Your textbook outlines a "stock" procedure for addressing, formulating

and solving problems in Heat Transfer. In my view, it is a sound

technique and one that I would ask that you follow.

It involves several steps, each with a prescribed formula. What folloiws is

the outline.

Problem Statement

The statement of the problem and the results required

Solution

1. Known

Read the problem carefully, then state briefly and concisely what is

know about the problem. This is not a simple restaement of the

problem.

2. Find

Briefly and concisely state the results that are required.

3. Schematic

Draw a picture (schematic) of the system. Identify and label the heat

transfer processes and the relevant boundaries of the system (control

surfaces)

4. Assumptions

List all the relevant assumptions you will use in formulating the

problem.

5. Properties

Compile the property valued for all the calculations to follow and

identify the sources of the data.

6. Analysis

Apply the appropriate conservation laws and appropriate constitutive

equations ( rate laws). Develop the analysis as completely as you

can without substituting numerical values. If it is feasible, make the

equations dimensionless. Finally complete the calculation with

numerical values.

7. Comments

Discuss the results. This should include the key conclusions. Were

the initial assumptions valid ? What effect would there be if they

were not? How sensitive is your solution to the parameters?

Lecture 1

ChE 333

Spring 2000 6

Measurement of Thermal Conductivity

A Design Problem

Statement of the Problem

Measure the conductivity of the metal in a metal rod connected to a

constant temperature sink (an ice bath)

Water flows through a well-mixed reservoir. In enters at T

h1

and leaves at

the same temperature as it is in the water reservoir, T

h2

. The rod, the two

reservoirs are insulated from the surroundings.

Derive a relationship for the thermal conductivity and recommend a flow

rate for the water.

Solution

1. Known

The heat lost by the fluid in the lower reservoir is transferred to the ice

batch through the rod. The temperature is known for the ce bath. The

water flow is measured and known, and we measure the water

temperatures in and out of the reservoir.

2. Find

Derive a relationship for the thermal conductivity and recommend a flow

rate for the water.

3. Schematic

F

T

h1

F

T

h2

T

T

h2

h2

L = 6 in.

D = 0.5 in.

D

Lecture 1

ChE 333

Spring 2000 7

4. Assumptions

There are a number of assumptions in this energy balance. What are they?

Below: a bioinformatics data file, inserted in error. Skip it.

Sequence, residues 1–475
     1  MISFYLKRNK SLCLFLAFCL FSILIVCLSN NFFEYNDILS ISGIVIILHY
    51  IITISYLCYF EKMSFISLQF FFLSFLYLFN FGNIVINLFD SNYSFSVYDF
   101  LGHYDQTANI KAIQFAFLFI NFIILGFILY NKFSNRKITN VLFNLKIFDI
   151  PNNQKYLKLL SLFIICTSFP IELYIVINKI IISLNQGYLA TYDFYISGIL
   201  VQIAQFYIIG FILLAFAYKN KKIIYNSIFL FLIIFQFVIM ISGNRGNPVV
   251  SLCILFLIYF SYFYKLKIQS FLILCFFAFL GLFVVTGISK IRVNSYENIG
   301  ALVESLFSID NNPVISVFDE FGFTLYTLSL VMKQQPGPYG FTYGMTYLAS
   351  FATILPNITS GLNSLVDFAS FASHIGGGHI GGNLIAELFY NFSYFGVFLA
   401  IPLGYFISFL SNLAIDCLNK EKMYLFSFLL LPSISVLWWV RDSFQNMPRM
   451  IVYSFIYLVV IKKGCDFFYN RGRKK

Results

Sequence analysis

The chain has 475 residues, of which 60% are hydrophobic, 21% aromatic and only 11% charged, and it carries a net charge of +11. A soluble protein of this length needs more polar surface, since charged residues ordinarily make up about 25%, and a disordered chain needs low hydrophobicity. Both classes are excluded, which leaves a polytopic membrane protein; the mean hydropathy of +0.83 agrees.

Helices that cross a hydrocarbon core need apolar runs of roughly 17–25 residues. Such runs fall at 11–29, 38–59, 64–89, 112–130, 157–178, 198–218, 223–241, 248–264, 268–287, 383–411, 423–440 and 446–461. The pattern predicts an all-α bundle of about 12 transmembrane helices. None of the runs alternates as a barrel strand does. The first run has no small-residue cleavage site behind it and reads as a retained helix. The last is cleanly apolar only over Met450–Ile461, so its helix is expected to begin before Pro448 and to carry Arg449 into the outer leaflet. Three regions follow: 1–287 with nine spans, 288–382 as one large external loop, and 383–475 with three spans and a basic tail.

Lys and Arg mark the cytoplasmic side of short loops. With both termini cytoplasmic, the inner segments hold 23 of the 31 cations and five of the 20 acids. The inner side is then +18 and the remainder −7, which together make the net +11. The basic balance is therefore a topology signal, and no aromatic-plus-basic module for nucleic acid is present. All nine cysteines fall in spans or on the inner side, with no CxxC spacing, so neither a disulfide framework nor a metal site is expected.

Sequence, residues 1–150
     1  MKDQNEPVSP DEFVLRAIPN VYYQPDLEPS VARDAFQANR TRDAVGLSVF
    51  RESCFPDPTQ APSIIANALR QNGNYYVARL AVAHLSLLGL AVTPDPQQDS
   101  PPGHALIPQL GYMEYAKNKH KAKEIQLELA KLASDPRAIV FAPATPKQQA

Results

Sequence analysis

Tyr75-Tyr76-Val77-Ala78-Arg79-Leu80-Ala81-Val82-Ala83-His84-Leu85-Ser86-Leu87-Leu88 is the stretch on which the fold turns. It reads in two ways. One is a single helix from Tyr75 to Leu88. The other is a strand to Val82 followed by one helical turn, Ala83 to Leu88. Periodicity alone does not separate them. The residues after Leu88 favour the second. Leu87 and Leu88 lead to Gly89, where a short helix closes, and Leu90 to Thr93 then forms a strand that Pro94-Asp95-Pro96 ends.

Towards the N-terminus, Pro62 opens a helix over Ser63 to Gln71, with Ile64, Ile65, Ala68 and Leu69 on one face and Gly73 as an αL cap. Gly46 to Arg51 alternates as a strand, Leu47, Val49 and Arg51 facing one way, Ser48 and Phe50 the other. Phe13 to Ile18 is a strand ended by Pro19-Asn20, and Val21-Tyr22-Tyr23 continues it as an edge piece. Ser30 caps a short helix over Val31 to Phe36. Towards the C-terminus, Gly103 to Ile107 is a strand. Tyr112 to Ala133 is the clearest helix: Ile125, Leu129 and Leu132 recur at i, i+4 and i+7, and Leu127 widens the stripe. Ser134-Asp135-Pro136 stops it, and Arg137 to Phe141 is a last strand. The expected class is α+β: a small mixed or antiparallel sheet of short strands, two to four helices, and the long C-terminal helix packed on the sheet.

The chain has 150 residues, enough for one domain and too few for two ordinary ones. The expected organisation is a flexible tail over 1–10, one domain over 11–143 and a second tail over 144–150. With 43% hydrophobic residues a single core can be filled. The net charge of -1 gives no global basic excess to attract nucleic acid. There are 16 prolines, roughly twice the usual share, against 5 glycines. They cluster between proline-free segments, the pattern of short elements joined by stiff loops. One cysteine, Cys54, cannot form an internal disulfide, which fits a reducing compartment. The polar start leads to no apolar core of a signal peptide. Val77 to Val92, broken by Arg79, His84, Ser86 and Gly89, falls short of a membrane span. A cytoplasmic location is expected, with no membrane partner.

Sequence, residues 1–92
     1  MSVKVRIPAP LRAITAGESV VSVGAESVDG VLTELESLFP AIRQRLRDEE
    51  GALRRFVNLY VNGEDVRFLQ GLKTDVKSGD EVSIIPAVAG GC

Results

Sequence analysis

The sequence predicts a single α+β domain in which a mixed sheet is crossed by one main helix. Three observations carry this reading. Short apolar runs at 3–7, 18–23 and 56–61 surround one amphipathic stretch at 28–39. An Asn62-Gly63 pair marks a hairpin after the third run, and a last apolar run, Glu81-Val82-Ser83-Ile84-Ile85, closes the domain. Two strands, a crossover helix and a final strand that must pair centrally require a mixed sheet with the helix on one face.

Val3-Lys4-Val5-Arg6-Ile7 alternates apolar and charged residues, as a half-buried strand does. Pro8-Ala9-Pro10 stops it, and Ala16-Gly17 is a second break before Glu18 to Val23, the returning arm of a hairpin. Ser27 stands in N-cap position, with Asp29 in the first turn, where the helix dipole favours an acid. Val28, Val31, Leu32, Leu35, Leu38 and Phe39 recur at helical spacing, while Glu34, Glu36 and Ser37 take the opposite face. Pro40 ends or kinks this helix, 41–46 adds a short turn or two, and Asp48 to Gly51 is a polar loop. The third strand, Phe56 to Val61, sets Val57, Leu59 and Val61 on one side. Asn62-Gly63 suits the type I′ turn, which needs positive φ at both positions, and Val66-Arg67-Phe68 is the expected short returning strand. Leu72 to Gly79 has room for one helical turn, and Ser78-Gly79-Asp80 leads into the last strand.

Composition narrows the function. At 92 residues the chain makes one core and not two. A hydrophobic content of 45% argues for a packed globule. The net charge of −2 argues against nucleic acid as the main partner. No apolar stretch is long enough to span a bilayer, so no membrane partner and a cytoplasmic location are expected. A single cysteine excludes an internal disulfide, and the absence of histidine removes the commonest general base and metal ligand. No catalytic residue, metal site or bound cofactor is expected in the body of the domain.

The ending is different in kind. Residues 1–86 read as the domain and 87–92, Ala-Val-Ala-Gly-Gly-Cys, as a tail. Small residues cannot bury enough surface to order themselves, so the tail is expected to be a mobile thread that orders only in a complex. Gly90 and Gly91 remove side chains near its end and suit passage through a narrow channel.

5. Properties

Some are given in the schematic, but what should we list ?

Data k (cal/s-cm-

K)

k (Btu/h-ft-

F)

Aluminum 0.45 108

Copper 0.9 216

Steel 0.13 32

Conditions

and Data

T

h1

=

80F

T

c

=

32F

k = 32BTU/ft-

h-F

C

pw

=

1BTU/lb-

F

= 62lb./ft^3

L = 6in.

D = 0.5in.

Lecture 1

ChE 333

Spring 2000 8

6. Analysis

Energy balance on the rod

Heat exchanged from the water = heat transferred across the rod

Q =

w

F

w

C

pw

T

h1

T

h2

=

k

L

D

2

4

T

h2

T

c

We did not state the constitutive relations . What are they?

There are a number of assumptions in this energy balance. What are they?

We can solve for the thermal conductivity , k.. The result gives us an

equation by which we might better design the experiment.

k =

4L

D

2

w

F

w

C

pw

T

h1

T

h2

T

h2

T

c

The dimensions, L and D are fixed as are all the variables save T

h1

and F

w

.

What are the best choices for these variables?

Dimensionless form for the solution.

We can group parameters as , so that

T

h1

T

h2

T

h2

T

c

=

D

2

k

4L

w

F

w

C

pw

=

and the temperature rise can be expressed simply as

T

h1

T

h2

T

h1

T

c

=

1 +

Lecture 1

ChE 333

Spring 2000 9

If we calculate the temperature rise as a function of flow rate we can obtain

the following table.

In an experiment we can measure temperature no more precisely that 0.1

F so that the highest flow rate would be 5 ml/min.

Some experimental questions

How precise can you control and measure flow rates?

How good is the well-stirred assumption?

How precise are the temperature measurements?

Given the precision of measurement, what is the

precision of the estimation of the thermal conductivity?

Flow rate

T

h1

T

h2

T

h1

T

c

T

h1

T

h2

cc/min.

100 0.00670 0.00666 0.3195

75 0.00894 0.00886 0.4251

50 0.01340 0.0132 0.6349

25 0.02681 0.0261 1.2533

10 0.06701 0.0628 3.0151

5 0.13405 0.1182 5.6738

4 0.16756 0.1435 6.8887

3 0.22342 0.1826 8.7656

2 0.33512 0.2510 12.0483

1 0.67025 0.4013 19.2618

Lecture 2 Spring 2000

ChE 333 1

Introduction to Conduction

Fourier's Law

The constitutive equation for conduction, we have see, is Fourier's Law. It

says that the heat flux vector is a linear function of the temperature

gradient, that is :

What we mean by the notation is the following:

Then for each of the components of q, we have the relation:

q = k T

q = q

i

e

i

T =

T

x

i

e

i

q

i

= k

T

x

i

Lecture 2 Spring 2000

ChE 333 2

Thermal Properties of Matter

Thermal conductivity